Interesting Links: April 20, 2019

in #rsslog4 years ago

Business, News, Science, Technology, or whatever gets my attention.

Straight from my RSS feed:


Ten links and micro-summaries from my 1000+ daily headlines. I filter them so you don't have to.


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pixabay license: source.

  1. Facebook may have broken the law by harvesting 1.5 million users' email contacts, experts say - Facebook says it accidentally harvested contact information from 1.5 million users. Legal experts say this might violate the 2011 consent decree, Federal antitrust laws, unfair competition laws in all 50 states, the EU's GPDR, and potentially even criminal codes including the Computer Fraud and Abuse Act. Although1.5 million facebook users were directly affected, the count of people who had their contact information snatched is likely much higher.

  2. Five Years in the Making, Bisq Exchange Launches Its Bitcoin DAO - The decentralized exchange uses a KYC resistant exchange mechanism, and the DAO makes use of TOR and "colored coins", satoshis that are earmarked for a particular purpose.

  3. Americans Will Benefit From 5G, Regardless of Who Gets There First - 5G is about 100 times faster than 4G, which will enable all sorts of new technologies, from autonomous vehicles and remote surgery to smart cities using the Internet of Things. What matters isn't which country develops it first, but who does the best job building upon it.

  4. STEEM Samsung’s $2,000 foldable phone falls apart in DAYS, reviewers complain (PHOTOS, VIDEOS) - From Steem's new media giant, @rt-international, Samsung's folding smart phone is set to launch on April 26 in the US, but reviewers are already reporting product failures after just days of use.

  5. Tolkien was right: Scholars conclude Beowulf likely the work of single author - Scholars have long debated whether the 1000+ year old poem was written by a single author. JRR Tolkien weighed in in 1936 saying that it was a single author, and now a team of Harvard researchers published in Nature Human Behavior agreeing with Tolkien. Their statistical analysis used a methodology called, stylometry, and determined that stylistic identifiers for a single author were present throughout the document. In particular, the authors looked at meter, "sense pauses" between clauses, word choice, and letter combinations. They applied the same analysis to four poems that are believed to by an ancient poet known as Cynewulf, and found that three or maybe even four are by the same author.

  6. Crusader armies were remarkably genetically diverse, study finds - A study reported in the American Journal of Human Genetics extracted DNA from a mass burial pit that was located near a "crusader castle". The Crusades lasted for two centuries, so its participants included fathers, sons, grandsons, and so on. Of the nine people studied, only three were from western Europe. In contrast, four were Lebanese, and the last two had a mix of European and near east DNA. This lends support to the theory that the Crusaders developed relationships with local inhabitants during the two century campaign.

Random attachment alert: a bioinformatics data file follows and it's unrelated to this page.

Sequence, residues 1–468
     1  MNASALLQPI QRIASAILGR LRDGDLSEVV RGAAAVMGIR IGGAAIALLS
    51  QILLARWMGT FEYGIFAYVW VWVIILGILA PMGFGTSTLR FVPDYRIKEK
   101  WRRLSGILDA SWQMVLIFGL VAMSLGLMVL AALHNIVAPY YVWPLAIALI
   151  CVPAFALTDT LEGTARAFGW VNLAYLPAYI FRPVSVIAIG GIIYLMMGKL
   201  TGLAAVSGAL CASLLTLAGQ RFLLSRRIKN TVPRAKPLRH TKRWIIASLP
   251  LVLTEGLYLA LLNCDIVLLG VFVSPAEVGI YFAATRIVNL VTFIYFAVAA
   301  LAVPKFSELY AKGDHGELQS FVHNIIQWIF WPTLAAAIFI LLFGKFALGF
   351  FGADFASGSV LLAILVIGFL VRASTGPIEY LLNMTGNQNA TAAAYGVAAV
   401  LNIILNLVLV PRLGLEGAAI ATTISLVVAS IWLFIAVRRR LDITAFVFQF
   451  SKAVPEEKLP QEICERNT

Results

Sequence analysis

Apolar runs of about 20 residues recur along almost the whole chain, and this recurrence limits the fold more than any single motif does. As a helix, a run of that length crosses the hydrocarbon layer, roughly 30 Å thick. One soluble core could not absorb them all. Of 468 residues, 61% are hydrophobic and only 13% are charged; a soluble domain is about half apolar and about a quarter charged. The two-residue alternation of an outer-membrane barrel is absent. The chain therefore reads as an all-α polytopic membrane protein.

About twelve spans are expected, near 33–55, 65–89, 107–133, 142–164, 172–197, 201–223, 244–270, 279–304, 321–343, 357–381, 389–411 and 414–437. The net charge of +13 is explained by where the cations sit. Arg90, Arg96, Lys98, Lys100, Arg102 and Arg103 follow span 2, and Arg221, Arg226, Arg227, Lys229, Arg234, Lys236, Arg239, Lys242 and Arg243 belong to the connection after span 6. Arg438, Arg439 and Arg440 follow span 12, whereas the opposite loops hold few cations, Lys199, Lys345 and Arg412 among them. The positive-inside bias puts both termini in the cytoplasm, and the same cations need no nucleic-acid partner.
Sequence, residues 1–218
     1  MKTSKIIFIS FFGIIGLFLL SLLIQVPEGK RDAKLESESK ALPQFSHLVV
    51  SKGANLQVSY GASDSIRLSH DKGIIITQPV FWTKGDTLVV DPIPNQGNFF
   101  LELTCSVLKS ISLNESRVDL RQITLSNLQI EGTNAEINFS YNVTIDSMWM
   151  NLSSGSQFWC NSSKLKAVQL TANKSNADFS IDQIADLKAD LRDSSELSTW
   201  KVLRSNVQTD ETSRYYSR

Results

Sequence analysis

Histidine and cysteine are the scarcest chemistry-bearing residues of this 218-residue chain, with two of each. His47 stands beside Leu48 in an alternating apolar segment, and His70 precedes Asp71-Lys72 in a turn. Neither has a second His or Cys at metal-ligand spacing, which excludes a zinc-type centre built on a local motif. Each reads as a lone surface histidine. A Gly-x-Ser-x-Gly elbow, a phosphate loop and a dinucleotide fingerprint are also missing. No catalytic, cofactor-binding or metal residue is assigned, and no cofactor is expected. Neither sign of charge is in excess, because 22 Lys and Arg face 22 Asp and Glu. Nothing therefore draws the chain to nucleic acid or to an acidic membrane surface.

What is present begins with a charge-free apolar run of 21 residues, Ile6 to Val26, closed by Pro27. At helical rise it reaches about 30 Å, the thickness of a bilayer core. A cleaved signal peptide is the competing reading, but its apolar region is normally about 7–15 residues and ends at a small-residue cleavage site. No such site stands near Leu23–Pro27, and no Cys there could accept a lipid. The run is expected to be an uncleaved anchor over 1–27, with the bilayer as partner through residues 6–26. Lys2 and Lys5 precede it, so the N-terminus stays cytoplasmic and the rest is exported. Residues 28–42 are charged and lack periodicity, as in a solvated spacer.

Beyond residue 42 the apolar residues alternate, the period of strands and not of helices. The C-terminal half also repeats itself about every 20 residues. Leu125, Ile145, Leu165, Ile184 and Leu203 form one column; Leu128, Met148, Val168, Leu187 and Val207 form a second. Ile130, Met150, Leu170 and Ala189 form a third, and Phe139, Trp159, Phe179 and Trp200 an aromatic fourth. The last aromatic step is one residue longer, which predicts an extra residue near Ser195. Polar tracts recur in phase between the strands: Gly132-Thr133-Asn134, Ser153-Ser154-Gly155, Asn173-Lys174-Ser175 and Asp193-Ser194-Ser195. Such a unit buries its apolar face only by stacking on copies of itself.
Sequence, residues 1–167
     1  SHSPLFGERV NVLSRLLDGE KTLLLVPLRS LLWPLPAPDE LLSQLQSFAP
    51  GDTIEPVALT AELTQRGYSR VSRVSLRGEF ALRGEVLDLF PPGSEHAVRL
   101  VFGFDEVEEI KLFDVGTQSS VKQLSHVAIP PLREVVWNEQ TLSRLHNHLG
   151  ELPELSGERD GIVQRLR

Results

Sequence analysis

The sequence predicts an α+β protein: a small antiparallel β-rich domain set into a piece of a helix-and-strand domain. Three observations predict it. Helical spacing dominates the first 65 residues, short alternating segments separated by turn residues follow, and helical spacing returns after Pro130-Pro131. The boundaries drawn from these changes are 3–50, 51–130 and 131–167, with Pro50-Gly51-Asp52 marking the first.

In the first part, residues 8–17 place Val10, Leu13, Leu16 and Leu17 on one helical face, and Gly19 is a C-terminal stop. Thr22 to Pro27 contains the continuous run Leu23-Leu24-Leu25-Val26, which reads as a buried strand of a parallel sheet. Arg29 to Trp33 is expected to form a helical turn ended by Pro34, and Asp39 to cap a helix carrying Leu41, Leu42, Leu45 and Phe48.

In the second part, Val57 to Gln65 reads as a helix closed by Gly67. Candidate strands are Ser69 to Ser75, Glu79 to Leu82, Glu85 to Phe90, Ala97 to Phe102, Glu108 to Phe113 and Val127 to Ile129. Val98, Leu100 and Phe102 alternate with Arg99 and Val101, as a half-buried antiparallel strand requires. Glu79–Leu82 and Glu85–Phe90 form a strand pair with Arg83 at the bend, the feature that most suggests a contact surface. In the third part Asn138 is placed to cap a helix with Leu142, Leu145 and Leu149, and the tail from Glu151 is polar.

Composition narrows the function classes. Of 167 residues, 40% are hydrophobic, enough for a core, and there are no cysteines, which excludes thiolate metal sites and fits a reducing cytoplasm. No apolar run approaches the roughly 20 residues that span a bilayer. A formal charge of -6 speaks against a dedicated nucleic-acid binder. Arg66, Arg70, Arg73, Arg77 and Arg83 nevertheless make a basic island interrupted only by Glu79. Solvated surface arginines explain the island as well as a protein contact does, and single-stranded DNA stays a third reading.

7. Landowners are earning millions for carbon cuts that may not occur - According to a policy brief from the University of California, Berkeley, participants may have overestimated carbon reductions by as much as one third of the total expected reductions.

  8. Inside the black hole image that made history - Sheperd Doeleman gives a TED talk describing the back story for the first ever photograph of a black hole, 55 million light years away, in between the constellations, Virgo and Leo. The effective size of the composite telescope that they used was the size of the entire Earth. Doeleman reports that they have already collected data on the black hole in the center of our own galaxy, so an image of that may also be upcoming.

  9. Defense against the Darknet, or how to accessorize to defeat video surveillance - At an upcoming computer vision conference, researchers will be presenting a technique for using a 15 inch square panel as a countermeasure in order to defeat visual surveillance techniques that aim to identify an object as a person. The work is available in ArXiv and the article contains a youtube embed that demonstrates the technique.

  10. Home Robot Control for People With Disabilities - A group of researchers at Georgia Tech are working on methods of communicating with robots for people who can't move their arms or hands. The researchers are accomplishing this by using low level autonomy for the robots, coupled with an augmented reality environment in a standard web browser with off-the-shelf I/O devices like head trackers, eye gaze trackers, or voice control. As published recently in PLOS ONE, the system is effective and easy to use, but due to limits of the I/O mechanism, it is not fast.


Here is a youtube video from the last article that shows Henry Evans, a mostly paralyzed operator, who can control the PR2 robot just by moving his eyes and clicking a button with his thumb.

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